Tax scams are among the most stubborn cons out there. They reappear often, each time with a slightly different spin. The main theme is scammers posing as the Internal Revenue Service (IRS), trying to trick people into either paying up or sharing personal information.
Common tax scams to look out for:
- IRS Impersonation Scams: Often initiated by phone calls, one involves fake tax demands with threats of arrest, while the other tricks victims into providing personal information under the false pretense of issuing tax refunds, with a specific focus on college students and the claim of unpaid “federal student tax.”
- Tax Identity Theft Scams: Watch out for tax identity theft, where scammers use your government ID to file false tax returns or secure employment, often unnoticed until the IRS informs you of suspicious activity.
- Email Phishing Scams: The emails appear to be from the IRS and include a link to a fake website intended to mirror the official IRS website. These emails contain the direction “you are to update your IRS e-file immediately.” The emails sometimes mention USA.gov and IRSgov (without a dot between “IRS” and “gov”).
BBB offers tips to help you avoid tax scams:
- The best way to avoid tax identity theft is to file your taxes as early as possible before a scammer has the chance to use your information to file a fake return.
- Write down your Identity Protection PIN (IP PIN) from the IRS before you file your return. This is a six-digit number, which, in addition to your Social Security number, confirms your identity. Visit the IRS for more information about the program. Read BBB’s tips about the IRS PIN.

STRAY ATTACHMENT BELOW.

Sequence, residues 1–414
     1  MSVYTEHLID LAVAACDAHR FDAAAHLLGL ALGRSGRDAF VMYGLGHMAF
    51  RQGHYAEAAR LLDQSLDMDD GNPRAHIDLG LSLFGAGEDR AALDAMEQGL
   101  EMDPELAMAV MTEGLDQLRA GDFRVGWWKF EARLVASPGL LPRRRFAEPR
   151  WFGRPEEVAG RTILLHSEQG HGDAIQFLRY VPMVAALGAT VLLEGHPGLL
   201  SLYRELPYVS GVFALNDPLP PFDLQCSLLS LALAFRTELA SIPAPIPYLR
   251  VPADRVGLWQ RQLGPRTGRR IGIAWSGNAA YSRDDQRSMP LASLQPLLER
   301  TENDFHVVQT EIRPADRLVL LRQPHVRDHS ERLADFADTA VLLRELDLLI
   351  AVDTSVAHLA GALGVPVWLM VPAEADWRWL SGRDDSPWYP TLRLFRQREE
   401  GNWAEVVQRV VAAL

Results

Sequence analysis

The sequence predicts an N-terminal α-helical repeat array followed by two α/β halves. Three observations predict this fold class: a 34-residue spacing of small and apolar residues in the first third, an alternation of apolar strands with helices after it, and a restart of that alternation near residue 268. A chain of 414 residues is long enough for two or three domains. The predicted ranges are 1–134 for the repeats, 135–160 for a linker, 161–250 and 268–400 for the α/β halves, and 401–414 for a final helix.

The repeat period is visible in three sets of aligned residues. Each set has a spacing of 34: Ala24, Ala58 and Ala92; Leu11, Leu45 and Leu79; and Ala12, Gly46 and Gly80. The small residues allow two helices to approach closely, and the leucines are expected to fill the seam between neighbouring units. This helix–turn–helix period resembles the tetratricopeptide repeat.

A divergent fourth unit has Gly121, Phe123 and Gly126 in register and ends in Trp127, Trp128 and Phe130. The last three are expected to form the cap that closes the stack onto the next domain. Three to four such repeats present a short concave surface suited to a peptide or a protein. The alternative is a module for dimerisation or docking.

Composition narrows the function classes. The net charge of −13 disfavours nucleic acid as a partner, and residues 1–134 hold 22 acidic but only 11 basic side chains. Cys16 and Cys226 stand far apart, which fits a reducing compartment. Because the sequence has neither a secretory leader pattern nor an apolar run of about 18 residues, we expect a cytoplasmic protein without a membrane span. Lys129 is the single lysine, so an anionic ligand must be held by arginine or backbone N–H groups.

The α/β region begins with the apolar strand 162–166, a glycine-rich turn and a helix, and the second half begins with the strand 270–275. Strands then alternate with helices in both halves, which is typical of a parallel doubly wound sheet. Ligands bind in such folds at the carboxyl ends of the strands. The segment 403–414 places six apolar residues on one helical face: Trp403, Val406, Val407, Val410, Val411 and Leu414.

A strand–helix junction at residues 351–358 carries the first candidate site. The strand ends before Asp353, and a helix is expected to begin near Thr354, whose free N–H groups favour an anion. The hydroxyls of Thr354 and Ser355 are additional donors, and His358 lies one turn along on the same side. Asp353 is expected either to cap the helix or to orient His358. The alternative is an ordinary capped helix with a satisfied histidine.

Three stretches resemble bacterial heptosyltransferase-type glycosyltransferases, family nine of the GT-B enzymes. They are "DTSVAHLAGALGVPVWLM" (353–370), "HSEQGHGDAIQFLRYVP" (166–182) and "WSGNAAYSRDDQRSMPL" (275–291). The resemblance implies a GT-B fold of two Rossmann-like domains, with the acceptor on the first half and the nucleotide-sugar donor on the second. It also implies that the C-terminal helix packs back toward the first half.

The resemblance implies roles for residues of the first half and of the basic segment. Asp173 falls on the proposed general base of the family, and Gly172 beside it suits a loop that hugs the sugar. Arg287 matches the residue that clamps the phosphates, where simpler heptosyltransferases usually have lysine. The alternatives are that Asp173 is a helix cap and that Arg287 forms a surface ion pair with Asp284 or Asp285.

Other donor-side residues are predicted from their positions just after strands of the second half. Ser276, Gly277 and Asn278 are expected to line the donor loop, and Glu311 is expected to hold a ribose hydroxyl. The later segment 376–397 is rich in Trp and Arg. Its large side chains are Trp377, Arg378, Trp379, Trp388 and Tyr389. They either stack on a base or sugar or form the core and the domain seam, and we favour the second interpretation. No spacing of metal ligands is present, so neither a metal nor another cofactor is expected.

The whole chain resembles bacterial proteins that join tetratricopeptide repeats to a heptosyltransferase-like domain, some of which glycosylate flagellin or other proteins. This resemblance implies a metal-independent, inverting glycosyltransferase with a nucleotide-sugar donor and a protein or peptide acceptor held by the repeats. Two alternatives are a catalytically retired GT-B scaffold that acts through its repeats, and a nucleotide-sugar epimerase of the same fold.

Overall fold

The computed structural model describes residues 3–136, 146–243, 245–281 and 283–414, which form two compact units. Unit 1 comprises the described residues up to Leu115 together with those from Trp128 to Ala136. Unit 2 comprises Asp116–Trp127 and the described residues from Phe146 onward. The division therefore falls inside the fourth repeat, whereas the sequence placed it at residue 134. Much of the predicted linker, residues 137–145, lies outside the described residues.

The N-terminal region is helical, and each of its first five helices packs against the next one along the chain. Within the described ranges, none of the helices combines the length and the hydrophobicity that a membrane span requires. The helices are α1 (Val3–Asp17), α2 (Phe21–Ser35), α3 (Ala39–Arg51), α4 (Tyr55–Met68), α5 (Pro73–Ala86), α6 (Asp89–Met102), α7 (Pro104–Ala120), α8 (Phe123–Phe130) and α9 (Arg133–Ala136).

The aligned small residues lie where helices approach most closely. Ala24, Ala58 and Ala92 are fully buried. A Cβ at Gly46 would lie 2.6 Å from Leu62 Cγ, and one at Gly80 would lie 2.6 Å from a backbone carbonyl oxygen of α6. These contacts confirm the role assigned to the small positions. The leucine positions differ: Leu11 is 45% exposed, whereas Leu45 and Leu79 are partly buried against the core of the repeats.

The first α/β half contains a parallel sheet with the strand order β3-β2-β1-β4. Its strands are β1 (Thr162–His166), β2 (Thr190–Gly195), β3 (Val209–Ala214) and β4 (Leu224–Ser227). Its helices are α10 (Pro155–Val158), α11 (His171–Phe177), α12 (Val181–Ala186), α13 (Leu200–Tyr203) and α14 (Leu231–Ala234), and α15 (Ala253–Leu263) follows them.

- The IRS does not initiate contact with tax payers by email, text message or social media to request personal or financial information.
- Only deal with trustworthy tax preparation services. See our tips for finding the right tax preparer for you.
- Check out websites carefully and make sure you are accessing the real IRS website when filing your taxes electronically or inquiring for additional information.
- If you are the victim of tax identity theft, contact the IRS at 1-800-908-4490. You should also file a complaint with the Federal Trade Commission (FTC) at gov/complaint or by calling 1-877-FTC-HELP. The FTC also offers a personalized identity theft recovery plan at identitytheft.gov.
- If you get tax information delivered electronically from your employer or other entity, treat that information carefully. Download it onto a password-protected computer.
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